Being an asshole is a matter of perspective

I could see through the two window shields into her car.  Her forehead creased into a petulant frown and she mouthed the words over dramatically.

Asshole!

Five minutes earlier, I was packing up my papers at the nursing home when my pager went off.  I fumbled for the desk phone, my arms constrained by the bulky winter jacket I had just climbed into.  I tapped my feet and waited impatiently for someone to pick up the line.

Hello, hello Dr. Grumet?  I think she’s dying.  Can you come now?

The ICU nurse sounded panicky.  It was early in the morning and the critical care specialist wasn’t in the building.  I jumped out of my seat and sprinted toward the car.  The trip was less than a mile.  I turned onto the expressway and then made a right onto to the nearest exit.  I stealthily navigated a series of small streets punctuated by a stop sign.  As I came to the intersection another car pulled up facing me.  Seeing her right turn signal and knowing I was going straight, I made a superficial attempt at stopping and then rolled through.

While passing, I could see the anger seethe from her lips for my failing to abide by the most basic rules of the road.  She was furious.  I felt like laughing.  If she only knew that I was racing to the hospital in the most dire of circumstances.

It was a matter of perspective.  But I couldn’t be too angry.

Hadn’t I been just as guilty?   How many times had I shook my head disapprovingly as an elderly patient hobbled into my office thirty minutes late?  Had I fumbled with the icy certainty of arthritic joints or the Himalayan distances crossed in the parking lot, maybe I would understand differently.

It is shockingly easy to regret the futile decisions of  a panicking family when it’s not your loved one lying in the hospital bed.

Perspective and empathy.  Different sides of the same coin.

The women in the car was right.

I had been everything she hauntingly accused me of.

At times.

Jordan Grumet is an internal medicine physician who blogs at In My Humble Opinion.

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  • carolynthomas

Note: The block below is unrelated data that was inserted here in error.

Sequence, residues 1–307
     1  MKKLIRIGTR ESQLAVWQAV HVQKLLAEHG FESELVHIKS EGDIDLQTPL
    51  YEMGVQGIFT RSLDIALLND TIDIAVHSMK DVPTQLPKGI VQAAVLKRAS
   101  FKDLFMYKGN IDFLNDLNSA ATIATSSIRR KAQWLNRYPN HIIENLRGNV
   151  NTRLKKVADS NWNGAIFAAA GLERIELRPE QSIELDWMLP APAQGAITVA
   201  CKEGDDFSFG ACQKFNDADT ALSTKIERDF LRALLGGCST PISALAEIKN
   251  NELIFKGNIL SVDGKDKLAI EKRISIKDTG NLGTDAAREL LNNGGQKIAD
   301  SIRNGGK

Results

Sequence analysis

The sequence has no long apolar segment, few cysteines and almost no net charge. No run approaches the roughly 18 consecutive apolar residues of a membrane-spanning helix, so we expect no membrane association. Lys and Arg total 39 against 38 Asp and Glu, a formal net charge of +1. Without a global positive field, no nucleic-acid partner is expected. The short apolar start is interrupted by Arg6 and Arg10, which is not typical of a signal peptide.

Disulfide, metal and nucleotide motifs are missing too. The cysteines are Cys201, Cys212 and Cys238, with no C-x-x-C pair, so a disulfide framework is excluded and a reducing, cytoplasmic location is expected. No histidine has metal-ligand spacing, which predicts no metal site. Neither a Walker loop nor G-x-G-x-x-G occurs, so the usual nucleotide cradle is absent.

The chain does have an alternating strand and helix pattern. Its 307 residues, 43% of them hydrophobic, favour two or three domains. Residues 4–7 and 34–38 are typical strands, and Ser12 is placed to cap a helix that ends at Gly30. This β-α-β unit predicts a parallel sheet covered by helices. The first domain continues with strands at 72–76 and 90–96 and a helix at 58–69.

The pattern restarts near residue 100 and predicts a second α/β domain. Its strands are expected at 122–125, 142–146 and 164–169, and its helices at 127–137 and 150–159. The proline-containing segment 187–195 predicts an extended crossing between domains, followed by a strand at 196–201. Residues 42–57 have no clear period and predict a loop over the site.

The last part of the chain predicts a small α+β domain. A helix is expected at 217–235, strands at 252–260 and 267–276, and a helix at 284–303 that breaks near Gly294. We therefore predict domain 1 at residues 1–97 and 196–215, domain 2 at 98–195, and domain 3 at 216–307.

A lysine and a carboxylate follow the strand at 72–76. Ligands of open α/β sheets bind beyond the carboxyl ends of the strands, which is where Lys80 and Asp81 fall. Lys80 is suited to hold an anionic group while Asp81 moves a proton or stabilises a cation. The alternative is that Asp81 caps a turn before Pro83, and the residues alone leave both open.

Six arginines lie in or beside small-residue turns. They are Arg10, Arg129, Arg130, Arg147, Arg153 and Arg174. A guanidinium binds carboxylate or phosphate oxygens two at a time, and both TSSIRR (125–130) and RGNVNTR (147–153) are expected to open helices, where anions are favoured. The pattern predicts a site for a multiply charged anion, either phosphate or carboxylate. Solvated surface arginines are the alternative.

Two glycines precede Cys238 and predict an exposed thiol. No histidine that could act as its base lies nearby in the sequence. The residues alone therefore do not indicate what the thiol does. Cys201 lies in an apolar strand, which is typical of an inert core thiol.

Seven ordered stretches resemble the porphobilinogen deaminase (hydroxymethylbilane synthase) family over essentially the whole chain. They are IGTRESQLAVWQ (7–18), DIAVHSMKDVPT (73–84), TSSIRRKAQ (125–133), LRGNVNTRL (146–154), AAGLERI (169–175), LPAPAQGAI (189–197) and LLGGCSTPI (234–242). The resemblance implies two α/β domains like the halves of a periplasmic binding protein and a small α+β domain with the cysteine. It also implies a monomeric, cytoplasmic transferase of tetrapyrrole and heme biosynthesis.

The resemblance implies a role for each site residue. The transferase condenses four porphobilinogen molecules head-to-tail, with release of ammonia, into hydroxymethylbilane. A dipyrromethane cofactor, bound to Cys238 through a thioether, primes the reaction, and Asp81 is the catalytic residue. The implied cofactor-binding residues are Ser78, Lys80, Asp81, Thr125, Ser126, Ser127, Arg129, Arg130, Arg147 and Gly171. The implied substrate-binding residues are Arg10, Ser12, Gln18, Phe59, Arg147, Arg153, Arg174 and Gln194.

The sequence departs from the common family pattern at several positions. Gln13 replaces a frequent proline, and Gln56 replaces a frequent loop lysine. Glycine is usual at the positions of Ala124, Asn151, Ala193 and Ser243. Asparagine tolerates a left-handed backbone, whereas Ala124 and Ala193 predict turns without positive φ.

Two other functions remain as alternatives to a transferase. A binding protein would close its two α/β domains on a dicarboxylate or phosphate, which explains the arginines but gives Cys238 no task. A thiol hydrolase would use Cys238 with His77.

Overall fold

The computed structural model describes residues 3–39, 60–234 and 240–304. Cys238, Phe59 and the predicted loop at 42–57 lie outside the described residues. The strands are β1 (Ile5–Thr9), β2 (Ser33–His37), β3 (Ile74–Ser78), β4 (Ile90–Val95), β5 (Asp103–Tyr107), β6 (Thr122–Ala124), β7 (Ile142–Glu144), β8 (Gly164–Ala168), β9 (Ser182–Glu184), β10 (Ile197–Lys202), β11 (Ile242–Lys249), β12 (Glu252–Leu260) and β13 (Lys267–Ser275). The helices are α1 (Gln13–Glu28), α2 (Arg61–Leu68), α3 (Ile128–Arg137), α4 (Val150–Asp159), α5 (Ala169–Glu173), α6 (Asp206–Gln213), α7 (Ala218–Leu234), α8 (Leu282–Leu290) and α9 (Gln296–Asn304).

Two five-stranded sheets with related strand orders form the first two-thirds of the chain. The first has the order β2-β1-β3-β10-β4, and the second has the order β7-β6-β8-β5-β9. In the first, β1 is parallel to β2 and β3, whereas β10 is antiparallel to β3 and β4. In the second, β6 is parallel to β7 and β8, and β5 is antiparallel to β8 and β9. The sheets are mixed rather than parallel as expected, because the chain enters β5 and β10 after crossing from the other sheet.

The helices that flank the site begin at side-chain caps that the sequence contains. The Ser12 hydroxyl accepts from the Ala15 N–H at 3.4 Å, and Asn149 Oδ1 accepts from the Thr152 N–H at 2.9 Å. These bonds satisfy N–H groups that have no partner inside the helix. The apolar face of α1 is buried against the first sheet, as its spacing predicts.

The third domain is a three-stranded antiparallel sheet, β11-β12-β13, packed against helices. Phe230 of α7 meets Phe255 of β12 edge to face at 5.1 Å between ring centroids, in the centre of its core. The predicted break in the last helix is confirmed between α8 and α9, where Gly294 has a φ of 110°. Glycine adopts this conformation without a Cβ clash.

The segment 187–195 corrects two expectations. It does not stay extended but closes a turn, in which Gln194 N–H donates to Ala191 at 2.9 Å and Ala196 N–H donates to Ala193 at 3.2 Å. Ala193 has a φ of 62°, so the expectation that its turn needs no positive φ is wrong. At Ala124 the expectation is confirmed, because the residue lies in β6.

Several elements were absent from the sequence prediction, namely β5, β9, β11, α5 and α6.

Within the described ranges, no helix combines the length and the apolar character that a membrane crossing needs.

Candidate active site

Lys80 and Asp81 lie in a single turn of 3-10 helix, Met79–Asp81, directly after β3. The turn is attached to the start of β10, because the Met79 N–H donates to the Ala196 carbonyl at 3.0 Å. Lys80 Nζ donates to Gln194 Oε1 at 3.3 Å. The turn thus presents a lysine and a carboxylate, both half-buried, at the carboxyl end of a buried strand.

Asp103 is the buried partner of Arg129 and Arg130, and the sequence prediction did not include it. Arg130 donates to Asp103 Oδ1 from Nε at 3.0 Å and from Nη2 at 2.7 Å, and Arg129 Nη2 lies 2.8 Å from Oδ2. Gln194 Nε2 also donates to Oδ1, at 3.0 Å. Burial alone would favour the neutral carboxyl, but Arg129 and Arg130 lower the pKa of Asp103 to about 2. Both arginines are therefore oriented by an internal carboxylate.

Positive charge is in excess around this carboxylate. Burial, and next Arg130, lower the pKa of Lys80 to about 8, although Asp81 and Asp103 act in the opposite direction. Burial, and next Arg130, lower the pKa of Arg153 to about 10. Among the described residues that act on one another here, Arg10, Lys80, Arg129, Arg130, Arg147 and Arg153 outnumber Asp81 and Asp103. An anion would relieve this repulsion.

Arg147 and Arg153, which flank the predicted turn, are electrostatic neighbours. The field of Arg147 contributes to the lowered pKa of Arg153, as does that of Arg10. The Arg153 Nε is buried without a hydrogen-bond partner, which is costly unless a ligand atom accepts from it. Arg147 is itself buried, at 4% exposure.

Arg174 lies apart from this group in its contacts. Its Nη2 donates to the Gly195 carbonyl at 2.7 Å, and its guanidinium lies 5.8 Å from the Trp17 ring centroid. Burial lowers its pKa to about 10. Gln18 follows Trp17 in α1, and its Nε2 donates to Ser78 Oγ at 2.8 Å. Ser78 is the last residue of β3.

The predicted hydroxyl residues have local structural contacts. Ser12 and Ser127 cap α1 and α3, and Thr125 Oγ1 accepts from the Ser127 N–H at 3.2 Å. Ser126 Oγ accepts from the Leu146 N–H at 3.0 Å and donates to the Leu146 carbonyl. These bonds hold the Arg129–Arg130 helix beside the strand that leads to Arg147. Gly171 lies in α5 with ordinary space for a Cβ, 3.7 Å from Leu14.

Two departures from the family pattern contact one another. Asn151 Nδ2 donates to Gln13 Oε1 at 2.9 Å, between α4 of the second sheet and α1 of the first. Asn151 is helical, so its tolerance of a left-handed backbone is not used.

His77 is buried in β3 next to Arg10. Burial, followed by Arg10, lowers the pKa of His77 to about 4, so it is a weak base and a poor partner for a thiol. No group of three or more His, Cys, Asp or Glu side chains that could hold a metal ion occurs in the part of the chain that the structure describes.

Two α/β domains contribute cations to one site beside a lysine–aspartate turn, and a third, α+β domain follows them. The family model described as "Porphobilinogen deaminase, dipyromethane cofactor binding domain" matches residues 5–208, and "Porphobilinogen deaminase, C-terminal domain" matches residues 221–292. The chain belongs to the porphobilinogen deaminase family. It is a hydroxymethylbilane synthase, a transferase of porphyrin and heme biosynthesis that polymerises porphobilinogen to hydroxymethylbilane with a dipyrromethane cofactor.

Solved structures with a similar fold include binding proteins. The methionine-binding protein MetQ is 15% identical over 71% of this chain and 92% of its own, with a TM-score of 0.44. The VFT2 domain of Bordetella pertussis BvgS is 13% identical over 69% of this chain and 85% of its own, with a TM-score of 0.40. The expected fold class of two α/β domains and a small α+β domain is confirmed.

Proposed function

Ouch. A timely reminder to walk a few miles (or coast slowly through a few stop signs) in somebody else’s shoes. Thanks for this, Dr. G.

  • ninguem

    Man walks into a bar and yells: “All lawyers are assholes”

    Guy at the bar turns around and says “I resent that”

    Bartender says “I bet you’re a lawyer, aren’t you?”

    Guy at the bar says “No, I’m an asshole”

    Yeah, I know, it’s an old one……….

  • Rob Burnside

    And all this time, I thought “asshole” was two words! Really and truly, it does take two–humans, that is. It’s like that old tree falling in the forest thing. Serious question: Aren’t we the only critters capable of blushing? Good story, Doc!

  • http://www.facebook.com/wendy.hanawalt Wendy Belgard Hanawalt

    Great point from the other perspective. (I admit to being the woman mouthing the expletive.) As part of my stress-reduction process, whenever I’m annoyed by people in traffic, I try to remember just this: that I don’t know their story, that there may be a reason for their “stupidity” that I will never know. It works to bring that perspective into all our interactions with strangers.

  • http://www.facebook.com/andrea.m.light Andrea Miano Light

    Remember Stephen Covey’s story about the guy on the subway with the 3 unruly kids? The lady should read it; heck, we all should read it more often until empathy becomes second nature.